After talking about finding ways to win at life in his New York Times bestseller, Instinct, the Power to Unleash Your Inborn Drive,  Bishop T.D. Jakes’ latest tome takes it a step further with Destiny: Step into Your Purpose. In it, the senior pastor of The Potter’s House of Dallas seeks to help CEOs, business owners, and entrepreneurs create a strategic roadmap to understanding how “destiny” leads to “purpose.” spoke with Jakes about the tools needed to get beyond just imagining where you want to be in life this year and focusing on how to actualize your dreams by walking into your purpose. Why did you choose to write about the theme of destiny after just completing a book about instinct:

T.D. JAKES: I wanted people to know that destiny is all about understanding your destination. Just as we have a GPS system on the car or phone—we have one in life. Wherever you are going there is a start and a finish—you cannot have a route without a destination. Destiny builds a focus and allows you to evaluate. Destiny is about understanding your destination. The plan governs you, your friends, the strategic moves you make and more. A plan helps you to live on purpose. So this book is really a sequel of sorts, a continuation of instinct—if destiny is the magnet, then instinct is the metal. What steps did you take to achieve your destiny?

JAKES: There are a series of steps, but here are just a few that every successful visionary or leader tends to have in common. Take ownership of your circumstances. For example, I grew up poor. We had hard times when we were starting out, but while poverty had me, I didn’t have it on my mind. In fact, I made up my mind that I would not stay poor forever. You have to think positively about where you want to go in life and within the vision for how you get there. Don’t allow what you’re dealing with to define who you are. You are not your past or present circumstances. Resist whatever obstacles you encounter until you are able to break through. Have a dream in your heart that is bigger than life. You have to see your history as a stepping stone to your destiny and not as an impediment. Be intentional about your dreams and understand that no one is successful by mistake. Success is in fact quite intentional.  We are not taught to be intentional—to make decisions that will change the outcome of the week. We have to change that pattern. And lastly, think carefully about how you treat people you think you don’t need. You can learn from anyone so treat everyone as if they matter. Whether they are a maid, a taxi driver, whomever, learn to learn from everyone you meet. What do you think is the biggest lesson you’ve learned as a successful entrepreneur?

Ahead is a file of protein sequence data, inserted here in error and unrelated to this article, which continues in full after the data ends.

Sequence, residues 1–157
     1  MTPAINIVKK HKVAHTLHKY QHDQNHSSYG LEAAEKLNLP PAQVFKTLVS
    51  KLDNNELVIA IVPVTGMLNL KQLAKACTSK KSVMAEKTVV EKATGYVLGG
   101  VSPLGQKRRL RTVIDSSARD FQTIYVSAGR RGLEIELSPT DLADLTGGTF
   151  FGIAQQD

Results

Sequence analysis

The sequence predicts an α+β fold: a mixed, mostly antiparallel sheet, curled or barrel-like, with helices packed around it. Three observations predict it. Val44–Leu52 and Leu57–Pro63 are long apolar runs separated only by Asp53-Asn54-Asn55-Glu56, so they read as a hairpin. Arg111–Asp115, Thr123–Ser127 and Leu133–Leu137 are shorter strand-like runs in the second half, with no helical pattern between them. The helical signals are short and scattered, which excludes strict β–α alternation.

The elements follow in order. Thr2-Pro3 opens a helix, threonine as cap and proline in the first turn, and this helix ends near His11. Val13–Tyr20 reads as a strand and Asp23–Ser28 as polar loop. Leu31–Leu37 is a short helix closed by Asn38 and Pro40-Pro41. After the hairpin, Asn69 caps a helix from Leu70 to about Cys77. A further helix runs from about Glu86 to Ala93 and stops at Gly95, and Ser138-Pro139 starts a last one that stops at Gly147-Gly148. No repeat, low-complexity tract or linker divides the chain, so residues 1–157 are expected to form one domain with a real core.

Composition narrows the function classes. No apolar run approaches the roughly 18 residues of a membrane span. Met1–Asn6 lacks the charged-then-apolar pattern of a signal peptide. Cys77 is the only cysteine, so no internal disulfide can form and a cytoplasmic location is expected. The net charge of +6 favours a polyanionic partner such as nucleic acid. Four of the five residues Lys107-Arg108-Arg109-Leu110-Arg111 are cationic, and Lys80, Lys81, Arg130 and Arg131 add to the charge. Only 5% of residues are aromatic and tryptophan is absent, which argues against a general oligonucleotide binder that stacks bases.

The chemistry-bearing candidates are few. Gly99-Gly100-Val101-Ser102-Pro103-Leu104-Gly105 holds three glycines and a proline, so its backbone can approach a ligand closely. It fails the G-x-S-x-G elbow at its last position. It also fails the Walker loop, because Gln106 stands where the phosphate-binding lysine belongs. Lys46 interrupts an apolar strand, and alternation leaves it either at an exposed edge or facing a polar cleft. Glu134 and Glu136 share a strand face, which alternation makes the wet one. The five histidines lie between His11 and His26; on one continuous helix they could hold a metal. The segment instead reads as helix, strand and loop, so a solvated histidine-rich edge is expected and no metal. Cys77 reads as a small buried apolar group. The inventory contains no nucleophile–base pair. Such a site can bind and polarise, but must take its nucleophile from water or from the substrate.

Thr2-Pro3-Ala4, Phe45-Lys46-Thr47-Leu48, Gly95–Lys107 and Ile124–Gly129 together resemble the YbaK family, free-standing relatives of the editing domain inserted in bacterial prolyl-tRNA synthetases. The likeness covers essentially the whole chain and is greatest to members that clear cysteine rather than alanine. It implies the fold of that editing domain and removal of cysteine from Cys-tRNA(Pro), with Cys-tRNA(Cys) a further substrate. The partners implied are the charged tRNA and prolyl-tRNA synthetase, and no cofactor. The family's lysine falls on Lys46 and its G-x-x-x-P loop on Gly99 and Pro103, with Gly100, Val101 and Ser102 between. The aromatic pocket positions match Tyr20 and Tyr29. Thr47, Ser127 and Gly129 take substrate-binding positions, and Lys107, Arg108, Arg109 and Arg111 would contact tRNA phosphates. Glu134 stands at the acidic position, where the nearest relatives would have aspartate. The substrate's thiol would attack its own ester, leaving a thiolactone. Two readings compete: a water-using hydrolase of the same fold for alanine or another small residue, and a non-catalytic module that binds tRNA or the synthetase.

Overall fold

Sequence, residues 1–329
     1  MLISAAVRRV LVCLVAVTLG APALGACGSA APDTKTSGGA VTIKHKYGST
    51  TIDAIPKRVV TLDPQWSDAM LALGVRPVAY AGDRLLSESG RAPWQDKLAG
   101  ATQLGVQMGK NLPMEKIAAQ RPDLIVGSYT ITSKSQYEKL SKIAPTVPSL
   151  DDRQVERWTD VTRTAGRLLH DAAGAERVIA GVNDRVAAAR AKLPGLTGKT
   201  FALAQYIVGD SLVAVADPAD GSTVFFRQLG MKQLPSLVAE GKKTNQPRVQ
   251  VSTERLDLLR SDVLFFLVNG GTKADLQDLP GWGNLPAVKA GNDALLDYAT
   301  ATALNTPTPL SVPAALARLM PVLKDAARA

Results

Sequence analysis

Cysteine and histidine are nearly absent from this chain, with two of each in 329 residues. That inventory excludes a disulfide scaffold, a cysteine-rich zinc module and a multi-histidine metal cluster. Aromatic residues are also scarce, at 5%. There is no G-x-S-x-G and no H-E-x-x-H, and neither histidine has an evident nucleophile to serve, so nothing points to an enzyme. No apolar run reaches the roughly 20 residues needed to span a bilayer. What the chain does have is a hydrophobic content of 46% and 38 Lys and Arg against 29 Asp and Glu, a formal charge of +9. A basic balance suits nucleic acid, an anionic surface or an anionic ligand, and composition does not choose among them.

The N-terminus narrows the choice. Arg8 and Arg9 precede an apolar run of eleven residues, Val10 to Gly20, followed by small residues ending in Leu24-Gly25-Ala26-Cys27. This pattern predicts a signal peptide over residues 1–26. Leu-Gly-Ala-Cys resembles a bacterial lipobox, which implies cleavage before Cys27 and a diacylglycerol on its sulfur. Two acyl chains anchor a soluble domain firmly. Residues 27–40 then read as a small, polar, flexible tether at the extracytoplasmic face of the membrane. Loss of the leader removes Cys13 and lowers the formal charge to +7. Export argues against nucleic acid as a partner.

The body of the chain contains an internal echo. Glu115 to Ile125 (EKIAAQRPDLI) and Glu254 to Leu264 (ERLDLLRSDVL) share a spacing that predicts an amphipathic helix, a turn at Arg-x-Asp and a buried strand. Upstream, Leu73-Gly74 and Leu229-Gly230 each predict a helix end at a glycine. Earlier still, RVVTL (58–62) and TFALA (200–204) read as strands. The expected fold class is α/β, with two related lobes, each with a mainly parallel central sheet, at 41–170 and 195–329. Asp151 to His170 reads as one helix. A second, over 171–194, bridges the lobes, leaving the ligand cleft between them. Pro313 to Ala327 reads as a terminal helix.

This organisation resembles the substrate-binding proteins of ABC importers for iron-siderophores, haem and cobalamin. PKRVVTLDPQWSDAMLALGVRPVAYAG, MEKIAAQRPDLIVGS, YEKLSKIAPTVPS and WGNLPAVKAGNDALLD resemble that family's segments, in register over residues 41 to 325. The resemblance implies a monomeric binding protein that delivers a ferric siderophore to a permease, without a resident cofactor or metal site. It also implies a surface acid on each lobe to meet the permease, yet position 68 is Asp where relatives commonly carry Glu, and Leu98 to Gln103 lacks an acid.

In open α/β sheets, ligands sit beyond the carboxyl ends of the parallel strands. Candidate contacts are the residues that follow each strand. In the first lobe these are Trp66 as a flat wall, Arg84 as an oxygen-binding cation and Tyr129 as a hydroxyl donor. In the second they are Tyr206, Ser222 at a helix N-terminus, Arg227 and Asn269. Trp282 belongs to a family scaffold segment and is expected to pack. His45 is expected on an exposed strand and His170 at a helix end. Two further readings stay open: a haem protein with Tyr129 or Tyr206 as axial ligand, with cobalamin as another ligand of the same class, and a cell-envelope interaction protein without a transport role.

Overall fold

JAKES: We must do more than just survive each day. The people who have impacted me the most are people who I served, the people who had humility. When people can learn that the ability to serve others puts you in the room—and allows you to be connected to the right people, the smart people, then they will succeed at whatever they are purposed to do. The fact is you attract what you are—we are highly adaptable as a species. Successful people surround themselves with wise people who can help them navigate life. Not famous people, but accessible people who have a good word for you. Do not allow ‘awe’ to overwhelm the opportunity to learn. We need to be in an environment where we learn. Get in the right circles with the right people so that you can learn.  You can learn something even from negative people. They teach you who not to be. Bishop, women now make up more than 50 percent of the U.S. labor force. Companies like Deloitte have a woman CEO at their helm and African American women and other women of color are the fastest growing group of entrepreneurs and small business owners in the country. And yet, women still lag behind in pay, advancement and retention. What three things would you advise women must do to answer their call and get achieve their destiny?

JAKES: Women face unique stressors that men do not. It’s important that they react and respond to stress with structure. As demand increases in your life, your structure must also increase because a human is a limited resource. Start by getting a structure at work and at home that is built to manage the demands of your life. The look at the infrastructure of your life and see that it accommodates the structure of your life.

This goes for us men too, but women need to be careful of the need to be in control without having a controlling spirit. You must have other people around you who can help you carry out your mission and get to your destiny. Responsibility and accountability are big words in business. You must lead from the top—make people accountable and you have to give up control without being controlling. Being in control is exhausting. In order to grow you have to trust somebody with some level of responsibility. A woman has to have the ability to change roles—if you are in control all the time you will drain yourself. Rest is not laziness. It’s not a departure from the goal. Instead, it better enables you to reach the goal. Another way to get there is to learn the art of juggling where you touch every ball, but not stay with one too long. Don’t take on more to juggle than you have the ability to toss—if your plate is full you have to learn to say no.

Sophia A. Nelson, Esq. is an attorney and award winning journalist. Follow her on Twitter @iamsophianelson